RFC: XRay -- A Function Call Tracing System

TL;DR: At Google we use a call tracing system called XRay which inserts patchable instrumentation points into function entries and exits. If the community is interested, we’d like to contribute this system to the LLVM project. Many more details are contained in the whitepaper at: https://storage.googleapis.com/xray-downloads/whitepaper/XRayAFunctionCallTracingSystem.pdf

Who’s “we”: dberris@google.com, echristo@google.com

Overview

At Google we use XRay to build binaries that have “nop sleds” at function call entry and exits that we can patch at runtime to insert instrumentation calls. We use this to generate sufficiently accurate function call timings to help track down the source of production service latency. Alternate uses include getting function call statistics (histogram of function timings), and generating function call traces (sample of call stacks) to analyse call graphs (for example, analysing calls to malloc()/free()).

We have also developed analysis tools for this data, and are continuing to build on top of them with the intent of making them available outside of Google in the long term.

The key features of this system are:

  • Enable/disable the instrumentation at runtime.

  • Control which functions get the instrumentation points at compile time. We do this through some configurable heuristics (i.e. only functions with >N instructions or that have loop constructs) and whitelists/blacklists (i.e. always instrument functions X, Y, Z and never instrument functions A, B, C).

  • Source-level annotations (attribute(…), [[…]]) to specify whether or not a function should be instrumentable at a fine-grained level.

Currently this works on x86-64, but we are going to make this work on a few other platforms as well.

Proposal

The approach involves the following:

  1. Clang+LLVM: Add support for a C++ function attribute ( [[clang::function-instrument=xray-{always,never}]]) to indicate whether a function should either always or never be instrumentable. The intent is to propagate this attribute as text attributes on LLVM functions until we can consolidate the function instrumentation implementations to use this attribute too.

  2. Clang: Add flags (-fxray-instrument=) to enable and control this behaviour. Further configuration flags will enable users to specify functions to always/never instrument, and add thresholds for some heuristics.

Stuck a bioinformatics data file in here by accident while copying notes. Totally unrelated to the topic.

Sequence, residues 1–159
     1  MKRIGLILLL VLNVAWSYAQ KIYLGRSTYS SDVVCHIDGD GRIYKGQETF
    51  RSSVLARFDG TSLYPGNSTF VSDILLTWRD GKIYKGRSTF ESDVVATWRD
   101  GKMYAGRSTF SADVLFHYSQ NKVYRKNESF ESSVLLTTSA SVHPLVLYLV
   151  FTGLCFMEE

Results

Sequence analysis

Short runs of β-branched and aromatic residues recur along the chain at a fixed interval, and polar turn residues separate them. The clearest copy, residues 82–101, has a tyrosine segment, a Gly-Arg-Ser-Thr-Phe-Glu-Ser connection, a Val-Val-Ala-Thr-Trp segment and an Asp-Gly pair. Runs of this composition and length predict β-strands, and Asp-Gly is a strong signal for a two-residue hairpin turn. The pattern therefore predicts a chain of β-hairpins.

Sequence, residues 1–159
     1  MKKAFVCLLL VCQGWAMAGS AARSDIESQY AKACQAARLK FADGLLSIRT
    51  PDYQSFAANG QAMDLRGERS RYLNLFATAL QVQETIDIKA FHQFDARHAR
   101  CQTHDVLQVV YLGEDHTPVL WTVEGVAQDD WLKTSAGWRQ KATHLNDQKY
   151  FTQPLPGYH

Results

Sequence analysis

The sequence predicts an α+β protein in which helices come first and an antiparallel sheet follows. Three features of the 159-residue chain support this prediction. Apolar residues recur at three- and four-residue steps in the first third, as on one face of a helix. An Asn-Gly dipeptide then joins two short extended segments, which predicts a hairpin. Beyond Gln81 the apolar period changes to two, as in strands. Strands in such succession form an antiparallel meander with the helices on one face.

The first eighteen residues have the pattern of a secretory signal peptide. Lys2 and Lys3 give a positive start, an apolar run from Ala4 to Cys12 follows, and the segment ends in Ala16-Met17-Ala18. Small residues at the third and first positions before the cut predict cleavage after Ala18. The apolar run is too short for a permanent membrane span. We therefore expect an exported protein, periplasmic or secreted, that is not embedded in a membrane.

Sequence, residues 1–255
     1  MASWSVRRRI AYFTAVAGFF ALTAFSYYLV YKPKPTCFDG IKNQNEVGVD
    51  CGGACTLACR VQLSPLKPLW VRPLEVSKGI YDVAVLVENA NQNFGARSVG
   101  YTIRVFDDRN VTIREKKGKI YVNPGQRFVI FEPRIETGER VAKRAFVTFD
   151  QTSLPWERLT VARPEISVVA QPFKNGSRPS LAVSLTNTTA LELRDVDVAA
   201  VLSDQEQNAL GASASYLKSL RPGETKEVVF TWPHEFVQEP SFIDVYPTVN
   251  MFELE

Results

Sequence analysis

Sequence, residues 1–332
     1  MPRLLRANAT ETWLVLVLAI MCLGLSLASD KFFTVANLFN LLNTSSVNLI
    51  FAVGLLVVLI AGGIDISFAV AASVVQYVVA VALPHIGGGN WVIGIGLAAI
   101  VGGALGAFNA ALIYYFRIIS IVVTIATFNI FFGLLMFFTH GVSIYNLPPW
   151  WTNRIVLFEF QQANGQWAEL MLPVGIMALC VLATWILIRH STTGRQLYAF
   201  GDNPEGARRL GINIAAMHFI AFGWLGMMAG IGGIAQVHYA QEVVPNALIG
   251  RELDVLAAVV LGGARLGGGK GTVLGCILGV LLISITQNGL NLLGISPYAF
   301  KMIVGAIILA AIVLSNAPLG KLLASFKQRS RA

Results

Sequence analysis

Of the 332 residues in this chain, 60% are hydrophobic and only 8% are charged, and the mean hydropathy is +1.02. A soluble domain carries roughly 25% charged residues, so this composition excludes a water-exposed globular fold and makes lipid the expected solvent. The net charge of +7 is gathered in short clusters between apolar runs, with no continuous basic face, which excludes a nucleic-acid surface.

3. LLVM: Add new LLVM pseudo instructions for indicating where the instrumentation sleds should be placed, and what kind of sleds these are. For entry sleds, we can use the PATCHABLE_OP instruction, and a new instruction for patching exits (PATCHABLE_RET?) that get handled by the assembly printer per platform. Currently only implemented for x86_64.

  4. LLVM: Use a separate section to map the instrumentation sled locations. This will work even in non-debug builds and the sections will be merged by the linker.

  5. compiler-rt: Implement a few functions in compiler-rt under either profiling or under a new library (we’d like to call it “xray”) that look like the following:
    __xray_patch(...) ← takes a function pointer, installs some code at runtime in the instrumentation points; the provided function will be user-provided.
    __xray_cleanup() ← removes the instrumentation code and turns them back into the “nop sleds”.
    __xray_dump_table(...) ← provides a means of inspecting the mapping between instrumentation points and function names, useful for post-processing.

As a proof of concept usage of this, we’re contributing a tool to do function call accounting for a binary. It will use the XRay compiler-rt library to install function call logging to an in-memory circular buffer, and dump out the log to a file at program completion (or triggered with a signal handler) in a simple trace format. There’s also a command-line tool for interpreting this data to generate useful statistics.

We’re committed to bringing more of the runtime library into LLVM with consultation and collaboration with the larger community. This includes things like:

  • Support for adding context-specific annotations (e.g. for RPCs, memory allocation/deallocation tracing, etc.)

  • Accurate function call logging and heuristics around this to handle programs that do a lot of work.